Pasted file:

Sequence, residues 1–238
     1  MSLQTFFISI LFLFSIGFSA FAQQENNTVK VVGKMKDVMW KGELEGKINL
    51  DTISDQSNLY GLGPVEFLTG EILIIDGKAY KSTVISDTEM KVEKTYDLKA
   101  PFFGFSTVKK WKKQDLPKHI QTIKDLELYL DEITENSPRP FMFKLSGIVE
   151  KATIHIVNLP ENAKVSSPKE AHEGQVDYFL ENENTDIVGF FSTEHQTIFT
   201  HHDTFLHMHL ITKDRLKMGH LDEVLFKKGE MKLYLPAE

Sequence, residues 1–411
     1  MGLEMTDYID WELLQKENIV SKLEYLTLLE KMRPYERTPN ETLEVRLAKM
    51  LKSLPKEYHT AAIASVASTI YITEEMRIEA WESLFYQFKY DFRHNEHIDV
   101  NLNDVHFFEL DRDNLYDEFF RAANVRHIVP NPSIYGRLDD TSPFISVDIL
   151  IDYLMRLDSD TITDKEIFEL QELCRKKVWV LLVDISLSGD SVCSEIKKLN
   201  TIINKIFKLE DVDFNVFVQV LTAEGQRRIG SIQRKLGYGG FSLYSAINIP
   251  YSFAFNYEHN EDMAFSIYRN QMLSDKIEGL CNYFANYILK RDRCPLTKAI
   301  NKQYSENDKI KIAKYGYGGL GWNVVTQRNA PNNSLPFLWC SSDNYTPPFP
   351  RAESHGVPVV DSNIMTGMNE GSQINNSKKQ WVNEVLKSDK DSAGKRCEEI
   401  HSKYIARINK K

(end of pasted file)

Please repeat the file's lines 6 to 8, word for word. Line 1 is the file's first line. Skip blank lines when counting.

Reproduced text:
   201  HHDTFLHMHL ITKDRLKMGH LDEVLFKKGE MKLYLPAE

Sequence, residues 1–411
     1  MGLEMTDYID WELLQKENIV SKLEYLTLLE KMRPYERTPN ETLEVRLAKM